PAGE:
Church, Technology, and COVID-19

The COVID-19 pandemic is causing individuals, organizations, and governments to evaluate and reflect upon their values and responsibilities and the church is no exception. Many churches, in a non-sinful act, have canceled their services. They have done so under the guidance of Scripture to obey civil government (Rom 13:1–7; 1 Pet 2:13–16). Other churches, who were able to abide by government guidelines continued their meeting.

The suggestions to suspend gatherings on all levels of government (local and federal) is unique for many reasons. First, it is not an act of persecution. All places of social gathering have been instructed to do likewise (e.g., bars, restaurants, etc.). Second, there is justification for obeying the government since this is a matter of prudence. These decisions are made for the health of the general population. Third, there is historic precedence in the American church to suspend gatherings (see here).

Many have turned to technology to resolve the issue of suspended public gatherings. Churches have encouraged their members to meet in the digital world through live stream services to replace or supplement the lack of the physical gathering. While technology has its advantage, we should take a few precautions with such a decision.

We should recognize technology’s limitation and contribution to the life and health of the local body in light of the current COVID-19 pandemic. Here are some things we cannot and can accomplish by providing a live stream.

What We Cannot Accomplish

#1: We Cannot Adequately Accomplish the One Anothers. At its core, a live stream service does not provide the platform of adequately accomplishing the biblical one anothers. Church membership involves more than just physical attendance. It requires we encourage one another (Heb 2:12–13; 10:23–24), admonish one another (Col 3:16), bear one another’s burdens (Gal 6:2), and so much more. An online gathering does not provide the face-to-face interaction to fully engage in the one anothers. These one anothers are not optional, but are a required aspect of life in the congregation.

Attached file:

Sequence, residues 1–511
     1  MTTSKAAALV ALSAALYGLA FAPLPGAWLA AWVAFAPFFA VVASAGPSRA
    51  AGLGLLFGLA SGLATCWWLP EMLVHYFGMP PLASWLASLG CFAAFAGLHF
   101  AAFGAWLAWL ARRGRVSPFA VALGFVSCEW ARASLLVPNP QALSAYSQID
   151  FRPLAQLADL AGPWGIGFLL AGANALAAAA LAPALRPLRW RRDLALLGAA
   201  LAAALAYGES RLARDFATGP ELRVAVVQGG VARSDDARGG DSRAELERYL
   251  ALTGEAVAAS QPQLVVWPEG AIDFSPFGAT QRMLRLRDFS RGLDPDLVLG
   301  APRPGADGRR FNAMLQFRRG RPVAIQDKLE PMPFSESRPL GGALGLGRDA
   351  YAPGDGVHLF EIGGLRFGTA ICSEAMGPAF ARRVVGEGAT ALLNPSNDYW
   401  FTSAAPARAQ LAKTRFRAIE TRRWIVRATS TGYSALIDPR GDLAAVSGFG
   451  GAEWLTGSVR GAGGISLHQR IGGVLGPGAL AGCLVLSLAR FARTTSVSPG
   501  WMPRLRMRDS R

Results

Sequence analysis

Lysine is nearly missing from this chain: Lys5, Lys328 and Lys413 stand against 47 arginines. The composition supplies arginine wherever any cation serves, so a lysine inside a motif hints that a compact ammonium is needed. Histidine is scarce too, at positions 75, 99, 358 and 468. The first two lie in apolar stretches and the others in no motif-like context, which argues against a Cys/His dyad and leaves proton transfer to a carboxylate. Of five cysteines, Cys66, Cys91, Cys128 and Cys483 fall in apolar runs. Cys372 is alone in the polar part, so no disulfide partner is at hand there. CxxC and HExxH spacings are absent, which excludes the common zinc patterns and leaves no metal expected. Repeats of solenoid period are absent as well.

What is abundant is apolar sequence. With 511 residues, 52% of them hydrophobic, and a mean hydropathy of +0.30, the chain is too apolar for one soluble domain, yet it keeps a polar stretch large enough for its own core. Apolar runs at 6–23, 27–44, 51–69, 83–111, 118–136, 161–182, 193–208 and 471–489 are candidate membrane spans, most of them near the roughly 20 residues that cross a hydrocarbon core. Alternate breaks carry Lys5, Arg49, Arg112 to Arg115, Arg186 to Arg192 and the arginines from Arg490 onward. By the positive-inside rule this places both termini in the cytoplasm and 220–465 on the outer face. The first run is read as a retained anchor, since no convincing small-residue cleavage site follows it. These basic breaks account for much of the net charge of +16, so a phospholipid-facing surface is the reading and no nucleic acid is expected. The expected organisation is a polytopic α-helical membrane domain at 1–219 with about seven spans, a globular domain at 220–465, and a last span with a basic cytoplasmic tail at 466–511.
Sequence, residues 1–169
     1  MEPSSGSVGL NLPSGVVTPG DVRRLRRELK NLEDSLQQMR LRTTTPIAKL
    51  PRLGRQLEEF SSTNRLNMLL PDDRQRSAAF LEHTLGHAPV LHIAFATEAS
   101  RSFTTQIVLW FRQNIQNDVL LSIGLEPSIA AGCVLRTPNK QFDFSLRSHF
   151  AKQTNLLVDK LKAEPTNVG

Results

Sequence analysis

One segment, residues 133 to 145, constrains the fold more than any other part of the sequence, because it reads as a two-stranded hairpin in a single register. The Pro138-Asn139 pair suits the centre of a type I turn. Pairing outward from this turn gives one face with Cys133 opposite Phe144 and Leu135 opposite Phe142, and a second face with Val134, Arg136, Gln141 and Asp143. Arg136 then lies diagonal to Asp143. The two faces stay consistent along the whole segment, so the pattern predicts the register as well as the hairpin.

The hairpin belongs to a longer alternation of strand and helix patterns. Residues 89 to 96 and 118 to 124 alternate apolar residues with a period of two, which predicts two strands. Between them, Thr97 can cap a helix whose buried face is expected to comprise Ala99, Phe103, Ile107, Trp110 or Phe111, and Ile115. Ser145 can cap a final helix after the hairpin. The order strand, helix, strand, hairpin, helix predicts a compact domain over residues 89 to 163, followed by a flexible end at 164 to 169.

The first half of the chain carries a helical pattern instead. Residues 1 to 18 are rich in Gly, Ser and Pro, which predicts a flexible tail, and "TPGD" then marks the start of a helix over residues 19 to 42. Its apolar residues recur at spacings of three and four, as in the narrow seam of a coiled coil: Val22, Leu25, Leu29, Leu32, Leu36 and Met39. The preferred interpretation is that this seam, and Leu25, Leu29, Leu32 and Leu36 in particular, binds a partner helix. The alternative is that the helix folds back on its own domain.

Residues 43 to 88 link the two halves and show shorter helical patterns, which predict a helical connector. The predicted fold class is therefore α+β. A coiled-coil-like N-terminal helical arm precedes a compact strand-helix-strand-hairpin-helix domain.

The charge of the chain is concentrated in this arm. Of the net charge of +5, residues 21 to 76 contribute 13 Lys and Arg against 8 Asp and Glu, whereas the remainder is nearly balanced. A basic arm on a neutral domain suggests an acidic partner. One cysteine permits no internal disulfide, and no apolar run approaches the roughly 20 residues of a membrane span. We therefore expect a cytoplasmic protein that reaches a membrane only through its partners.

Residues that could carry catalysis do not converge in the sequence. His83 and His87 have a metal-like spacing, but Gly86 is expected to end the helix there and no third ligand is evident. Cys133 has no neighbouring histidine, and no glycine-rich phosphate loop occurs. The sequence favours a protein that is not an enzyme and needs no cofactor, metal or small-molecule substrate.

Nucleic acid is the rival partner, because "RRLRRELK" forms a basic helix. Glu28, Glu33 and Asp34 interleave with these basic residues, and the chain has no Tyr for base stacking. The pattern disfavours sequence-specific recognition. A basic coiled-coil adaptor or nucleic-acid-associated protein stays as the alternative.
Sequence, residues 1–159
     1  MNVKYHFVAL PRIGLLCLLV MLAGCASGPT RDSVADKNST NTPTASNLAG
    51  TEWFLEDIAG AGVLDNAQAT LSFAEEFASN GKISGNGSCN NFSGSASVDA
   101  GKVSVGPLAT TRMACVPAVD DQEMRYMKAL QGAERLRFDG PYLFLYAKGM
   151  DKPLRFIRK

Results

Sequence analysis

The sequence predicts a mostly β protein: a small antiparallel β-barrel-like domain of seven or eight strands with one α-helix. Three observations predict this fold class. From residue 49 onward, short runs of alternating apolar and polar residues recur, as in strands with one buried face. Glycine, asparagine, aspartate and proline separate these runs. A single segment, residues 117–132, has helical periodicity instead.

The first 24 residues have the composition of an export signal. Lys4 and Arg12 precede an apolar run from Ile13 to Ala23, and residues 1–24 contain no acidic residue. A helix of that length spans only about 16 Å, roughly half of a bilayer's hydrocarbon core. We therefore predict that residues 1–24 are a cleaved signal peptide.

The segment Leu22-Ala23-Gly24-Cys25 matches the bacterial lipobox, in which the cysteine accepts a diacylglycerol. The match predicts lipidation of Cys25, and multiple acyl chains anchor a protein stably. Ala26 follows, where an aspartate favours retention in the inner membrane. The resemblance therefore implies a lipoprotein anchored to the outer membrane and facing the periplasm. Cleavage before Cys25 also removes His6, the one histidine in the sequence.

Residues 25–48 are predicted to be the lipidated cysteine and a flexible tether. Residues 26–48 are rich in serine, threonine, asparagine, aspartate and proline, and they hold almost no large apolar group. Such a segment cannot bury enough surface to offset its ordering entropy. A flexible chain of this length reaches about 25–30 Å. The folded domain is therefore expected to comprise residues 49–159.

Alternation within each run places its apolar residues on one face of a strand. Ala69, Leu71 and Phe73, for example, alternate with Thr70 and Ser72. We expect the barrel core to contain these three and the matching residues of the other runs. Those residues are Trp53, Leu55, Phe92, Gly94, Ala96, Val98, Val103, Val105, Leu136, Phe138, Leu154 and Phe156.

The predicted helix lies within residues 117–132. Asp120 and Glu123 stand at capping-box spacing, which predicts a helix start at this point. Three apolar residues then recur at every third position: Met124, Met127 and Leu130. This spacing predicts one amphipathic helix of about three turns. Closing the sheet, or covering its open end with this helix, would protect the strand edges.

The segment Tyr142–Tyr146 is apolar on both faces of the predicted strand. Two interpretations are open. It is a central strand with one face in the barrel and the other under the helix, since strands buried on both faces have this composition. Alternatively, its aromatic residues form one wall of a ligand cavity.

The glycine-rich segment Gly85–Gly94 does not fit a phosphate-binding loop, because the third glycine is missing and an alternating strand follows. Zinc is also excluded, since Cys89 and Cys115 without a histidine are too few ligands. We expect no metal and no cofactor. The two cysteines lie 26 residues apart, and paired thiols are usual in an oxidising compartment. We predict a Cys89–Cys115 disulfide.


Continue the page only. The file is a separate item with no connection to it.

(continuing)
The fellowship of the church is greatly hindered on a streaming platform. Most the viewers have their eyes in one place creating a pyramid of sorts. Whereas the local church gathering should provide the opportunity for us to look at the people around us. A live stream “gathering” only allows for comments and likes, but will not allow for legitimate and meaningful interaction the same way as a face-to-face gathering.

#2: We Cannot Adequately Accomplish the Ordinances. An online gathering does not allow for the proper practice of the ordinances. Scripture indicates that the Lord’s Table is an ordinance the church practices as they “come together” (1 Cor 11:17, 18, 20, 33, 34). In a similar manner, the ordinance of baptism is a corporate practice (Eph 4:4–6). The corporate nature of the ordinances show us the limitations of the live stream. While I do believe there is warrant for the unique practice of the ordinances in church planting or house church situations, that is not what we see happening today with the movement towards live stream ministry. It is for these reasons that we will not observe the Lord’s Table and any baptism until we meet again as a corporate body.